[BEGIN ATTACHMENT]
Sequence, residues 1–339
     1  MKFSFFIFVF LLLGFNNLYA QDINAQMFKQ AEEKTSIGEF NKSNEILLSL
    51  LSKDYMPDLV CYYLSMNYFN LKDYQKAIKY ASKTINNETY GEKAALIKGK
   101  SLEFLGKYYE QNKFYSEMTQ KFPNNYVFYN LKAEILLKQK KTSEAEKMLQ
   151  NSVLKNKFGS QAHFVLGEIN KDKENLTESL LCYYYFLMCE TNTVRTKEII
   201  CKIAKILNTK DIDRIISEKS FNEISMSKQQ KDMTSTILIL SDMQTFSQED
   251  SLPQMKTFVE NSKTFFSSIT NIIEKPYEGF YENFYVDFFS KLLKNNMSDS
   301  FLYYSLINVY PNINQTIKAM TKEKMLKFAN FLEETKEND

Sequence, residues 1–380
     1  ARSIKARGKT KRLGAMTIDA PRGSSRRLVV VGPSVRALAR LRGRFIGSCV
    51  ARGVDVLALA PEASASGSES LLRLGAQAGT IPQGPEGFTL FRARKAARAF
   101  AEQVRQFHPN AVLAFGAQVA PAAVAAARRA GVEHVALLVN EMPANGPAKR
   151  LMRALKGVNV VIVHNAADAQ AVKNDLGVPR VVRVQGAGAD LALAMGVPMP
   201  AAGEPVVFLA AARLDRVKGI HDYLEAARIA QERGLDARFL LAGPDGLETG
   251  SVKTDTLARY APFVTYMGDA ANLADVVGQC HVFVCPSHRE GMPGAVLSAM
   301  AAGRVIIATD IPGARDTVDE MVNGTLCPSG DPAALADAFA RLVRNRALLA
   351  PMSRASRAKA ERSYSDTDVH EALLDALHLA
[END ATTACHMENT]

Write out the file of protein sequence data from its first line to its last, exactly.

Sequence, residues 1–339
     1  MKFSFFIFVF LLLGFNNLYA QDINAQMFKQ AEEKTSIGEF NKSNEILLSL
    51  LSKDYMPDLV CYYLSMNYFN LKDYQKAIKY ASKTINNETY GEKAALIKGK
   101  SLEFLGKYYE QNKFYSEMTQ KFPNNYVFYN LKAEILLKQK KTSEAEKMLQ
   151  NSVLKNKFGS QAHFVLGEIN KDKENLTESL LCYYYFLMCE TNTVRTKEII
   201  CKIAKILNTK DIDRIISEKS FNEISMSKQQ KDMTSTILIL SDMQTFSQED
   251  SLPQMKTFVE NSKTFFSSIT NIIEKPYEGF YENFYVDFFS KLLKNNMSDS
   301  FLYYSLINVY PNINQTIKAM TKEKMLKFAN FLEETKEND

Sequence, residues 1–380
     1  ARSIKARGKT KRLGAMTIDA PRGSSRRLVV VGPSVRALAR LRGRFIGSCV
    51  ARGVDVLALA PEASASGSES LLRLGAQAGT IPQGPEGFTL FRARKAARAF
   101  AEQVRQFHPN AVLAFGAQVA PAAVAAARRA GVEHVALLVN EMPANGPAKR
   151  LMRALKGVNV VIVHNAADAQ AVKNDLGVPR VVRVQGAGAD LALAMGVPMP
   201  AAGEPVVFLA AARLDRVKGI HDYLEAARIA QERGLDARFL LAGPDGLETG
   251  SVKTDTLARY APFVTYMGDA ANLADVVGQC HVFVCPSHRE GMPGAVLSAM
   301  AAGRVIIATD IPGARDTVDE MVNGTLCPSG DPAALADAFA RLVRNRALLA
   351  PMSRASRAKA ERSYSDTDVH EALLDALHLA